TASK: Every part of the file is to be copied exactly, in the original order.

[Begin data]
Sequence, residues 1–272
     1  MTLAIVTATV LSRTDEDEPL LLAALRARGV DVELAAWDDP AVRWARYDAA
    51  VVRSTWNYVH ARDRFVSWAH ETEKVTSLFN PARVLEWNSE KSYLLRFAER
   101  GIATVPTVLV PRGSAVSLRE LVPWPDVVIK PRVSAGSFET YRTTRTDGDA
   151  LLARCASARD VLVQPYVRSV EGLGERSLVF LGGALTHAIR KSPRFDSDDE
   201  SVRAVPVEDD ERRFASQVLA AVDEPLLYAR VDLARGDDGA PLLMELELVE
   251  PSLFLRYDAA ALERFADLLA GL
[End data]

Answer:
Sequence, residues 1–272
     1  MTLAIVTATV LSRTDEDEPL LLAALRARGV DVELAAWDDP AVRWARYDAA
    51  VVRSTWNYVH ARDRFVSWAH ETEKVTSLFN PARVLEWNSE KSYLLRFAER
   101  GIATVPTVLV PRGSAVSLRE LVPWPDVVIK PRVSAGSFET YRTTRTDGDA
   151  LLARCASARD VLVQPYVRSV EGLGERSLVF LGGALTHAIR KSPRFDSDDE
   201  SVRAVPVEDD ERRFASQVLA AVDEPLLYAR VDLARGDDGA PLLMELELVE
   251  PSLFLRYDAA ALERFADLLA GL